In their study published in this issue of Academic Medicine, Costa and colleagues confirmed the underlying constructs of the Interpersonal Reactivity Index (IRI) and the Jefferson Scale of Empathy (JSE) in medical students. The authors of this Commentary propose that in comparing two instruments that both purport to measure empathy, researchers or test users must pay close attention to the target populations, the conceptualizations of empathy, and the validity evidence in relation to pertinent criterion measures...
October 18, 2016: Academic Medicine: Journal of the Association of American Medical Colleges
Richard A I Bethlehem, Carrie Allison, Emma M van Andel, Alexander I Coles, Kym Neil, Simon Baron-Cohen
Why do people act altruistically? One theory is that empathy is a driver of morality. Experimental studies of this are often confined to laboratory settings, which often lack ecological validity. In the present study we investigated whether empathy traits predict if people will act altruistically in a real-world setting, 'in the wild'. We staged a situation in public that was designed to elicit helping, and subsequently measured empathic traits in those who either stopped to help or walked past and did not help...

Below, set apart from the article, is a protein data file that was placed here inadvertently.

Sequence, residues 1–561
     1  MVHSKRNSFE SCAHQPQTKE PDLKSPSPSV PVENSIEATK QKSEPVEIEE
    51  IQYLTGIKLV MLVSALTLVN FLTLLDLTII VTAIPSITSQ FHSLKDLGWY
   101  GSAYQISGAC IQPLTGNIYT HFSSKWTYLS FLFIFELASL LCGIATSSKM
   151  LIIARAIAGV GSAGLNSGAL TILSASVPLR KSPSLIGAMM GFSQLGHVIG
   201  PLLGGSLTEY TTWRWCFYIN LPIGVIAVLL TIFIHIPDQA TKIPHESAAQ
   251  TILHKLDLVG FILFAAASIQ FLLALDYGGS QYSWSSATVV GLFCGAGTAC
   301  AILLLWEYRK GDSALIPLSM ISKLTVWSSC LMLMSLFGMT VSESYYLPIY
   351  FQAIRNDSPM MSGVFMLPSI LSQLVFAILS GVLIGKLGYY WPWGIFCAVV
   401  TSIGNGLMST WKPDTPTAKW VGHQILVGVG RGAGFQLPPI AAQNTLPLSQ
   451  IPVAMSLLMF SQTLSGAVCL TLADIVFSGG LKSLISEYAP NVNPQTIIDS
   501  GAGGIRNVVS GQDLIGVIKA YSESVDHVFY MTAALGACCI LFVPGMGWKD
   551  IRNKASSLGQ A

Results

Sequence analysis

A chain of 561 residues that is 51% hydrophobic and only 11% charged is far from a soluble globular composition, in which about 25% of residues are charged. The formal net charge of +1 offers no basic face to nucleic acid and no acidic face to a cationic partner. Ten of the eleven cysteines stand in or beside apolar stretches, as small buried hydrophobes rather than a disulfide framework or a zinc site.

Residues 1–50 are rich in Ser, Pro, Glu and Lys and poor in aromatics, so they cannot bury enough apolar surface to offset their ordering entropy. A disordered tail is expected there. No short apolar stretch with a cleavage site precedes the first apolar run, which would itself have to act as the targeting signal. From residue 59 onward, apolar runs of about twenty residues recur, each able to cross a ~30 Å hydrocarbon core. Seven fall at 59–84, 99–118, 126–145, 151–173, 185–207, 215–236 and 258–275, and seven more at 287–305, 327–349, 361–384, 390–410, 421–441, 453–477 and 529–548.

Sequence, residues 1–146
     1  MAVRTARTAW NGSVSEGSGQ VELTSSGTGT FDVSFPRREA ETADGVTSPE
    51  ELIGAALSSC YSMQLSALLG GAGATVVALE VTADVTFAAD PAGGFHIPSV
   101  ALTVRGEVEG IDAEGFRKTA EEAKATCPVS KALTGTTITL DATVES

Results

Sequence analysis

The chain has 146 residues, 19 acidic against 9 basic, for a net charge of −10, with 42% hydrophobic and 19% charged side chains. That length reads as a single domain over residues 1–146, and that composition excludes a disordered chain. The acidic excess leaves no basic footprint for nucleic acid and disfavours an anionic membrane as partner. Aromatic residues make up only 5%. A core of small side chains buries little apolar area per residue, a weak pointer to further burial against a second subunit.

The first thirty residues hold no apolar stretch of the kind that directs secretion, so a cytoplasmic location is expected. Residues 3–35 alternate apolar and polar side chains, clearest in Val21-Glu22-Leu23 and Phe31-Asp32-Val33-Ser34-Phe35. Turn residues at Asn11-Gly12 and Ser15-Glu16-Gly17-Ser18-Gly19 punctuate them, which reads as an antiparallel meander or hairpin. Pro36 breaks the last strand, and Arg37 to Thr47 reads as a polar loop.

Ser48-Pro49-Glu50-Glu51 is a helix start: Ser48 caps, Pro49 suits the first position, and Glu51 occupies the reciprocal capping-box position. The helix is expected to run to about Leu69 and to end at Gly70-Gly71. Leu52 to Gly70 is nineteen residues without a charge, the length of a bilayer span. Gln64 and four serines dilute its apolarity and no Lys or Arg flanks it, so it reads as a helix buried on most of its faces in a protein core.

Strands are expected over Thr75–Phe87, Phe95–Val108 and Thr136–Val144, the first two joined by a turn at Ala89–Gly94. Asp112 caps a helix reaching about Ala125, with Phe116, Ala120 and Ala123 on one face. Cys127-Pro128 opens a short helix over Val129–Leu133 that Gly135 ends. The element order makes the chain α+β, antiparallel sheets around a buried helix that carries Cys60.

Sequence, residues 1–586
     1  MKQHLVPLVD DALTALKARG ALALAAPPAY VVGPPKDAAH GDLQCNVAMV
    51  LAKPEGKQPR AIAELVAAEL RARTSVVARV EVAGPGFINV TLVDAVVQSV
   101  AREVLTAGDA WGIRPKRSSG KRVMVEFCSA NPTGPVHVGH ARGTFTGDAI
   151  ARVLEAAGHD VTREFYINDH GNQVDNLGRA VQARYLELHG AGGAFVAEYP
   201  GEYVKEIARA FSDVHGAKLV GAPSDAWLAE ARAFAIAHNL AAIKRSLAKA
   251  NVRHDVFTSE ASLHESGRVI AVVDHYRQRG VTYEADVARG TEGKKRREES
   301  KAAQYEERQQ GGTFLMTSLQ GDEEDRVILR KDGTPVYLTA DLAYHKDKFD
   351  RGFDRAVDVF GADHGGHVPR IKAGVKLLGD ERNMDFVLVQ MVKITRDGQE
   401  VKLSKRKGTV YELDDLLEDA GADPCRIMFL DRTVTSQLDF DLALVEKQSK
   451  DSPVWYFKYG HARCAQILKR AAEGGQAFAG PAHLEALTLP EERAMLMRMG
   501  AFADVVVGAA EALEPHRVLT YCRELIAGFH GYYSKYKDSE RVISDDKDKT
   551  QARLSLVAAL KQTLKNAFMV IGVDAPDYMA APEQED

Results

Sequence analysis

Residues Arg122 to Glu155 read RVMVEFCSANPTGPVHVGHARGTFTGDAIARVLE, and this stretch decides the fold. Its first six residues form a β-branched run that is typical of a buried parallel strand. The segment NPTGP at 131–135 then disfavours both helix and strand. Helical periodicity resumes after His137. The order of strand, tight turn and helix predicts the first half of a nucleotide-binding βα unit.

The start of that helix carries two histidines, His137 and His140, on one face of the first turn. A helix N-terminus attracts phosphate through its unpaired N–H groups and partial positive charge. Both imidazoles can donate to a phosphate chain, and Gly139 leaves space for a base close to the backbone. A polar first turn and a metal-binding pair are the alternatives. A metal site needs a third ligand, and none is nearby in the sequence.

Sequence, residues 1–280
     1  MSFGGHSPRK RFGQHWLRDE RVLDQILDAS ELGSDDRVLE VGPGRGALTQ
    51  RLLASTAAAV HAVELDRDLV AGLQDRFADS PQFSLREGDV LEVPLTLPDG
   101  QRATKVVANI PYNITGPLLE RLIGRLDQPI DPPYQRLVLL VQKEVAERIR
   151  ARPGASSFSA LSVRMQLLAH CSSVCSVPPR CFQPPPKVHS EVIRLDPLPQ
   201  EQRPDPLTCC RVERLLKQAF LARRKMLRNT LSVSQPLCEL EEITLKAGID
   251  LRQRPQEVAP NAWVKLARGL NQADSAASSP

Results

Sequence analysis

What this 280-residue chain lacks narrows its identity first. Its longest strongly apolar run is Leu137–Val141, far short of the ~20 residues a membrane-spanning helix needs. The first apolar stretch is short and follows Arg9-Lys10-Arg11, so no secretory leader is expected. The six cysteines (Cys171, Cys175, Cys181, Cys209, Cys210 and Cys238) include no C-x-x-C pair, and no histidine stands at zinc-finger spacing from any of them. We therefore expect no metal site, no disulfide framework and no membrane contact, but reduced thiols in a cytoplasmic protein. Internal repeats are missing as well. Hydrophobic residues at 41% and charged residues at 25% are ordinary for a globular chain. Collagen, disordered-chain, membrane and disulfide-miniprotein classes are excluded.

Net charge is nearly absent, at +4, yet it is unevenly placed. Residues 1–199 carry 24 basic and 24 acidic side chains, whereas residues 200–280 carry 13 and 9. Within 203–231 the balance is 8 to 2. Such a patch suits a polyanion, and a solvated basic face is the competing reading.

October 19, 2016: Social Neuroscience
Dahan Anat, Reiner Miriam
The extensive use of gestures for human-human communication, independently of culture and language, suggests an underlying universal neural mechanism for gesture recognition. The mirror neuron system (MNS) is known to respond to observed human actions, and overlaps with self-action. The minimal cues needed for activation of the MNS for gesture recognition, facial expressions and bodily dynamics, is not yet defined. Using LED-point representations of gestures, we compared two types of brain activations: 1) in response to human recognizable vs non-recognizable motion and 2) in response to human vs non-human motion...
October 15, 2016: International Journal of Psychophysiology
Sarah Mahoney, Ruth M Sladek, Tim Neild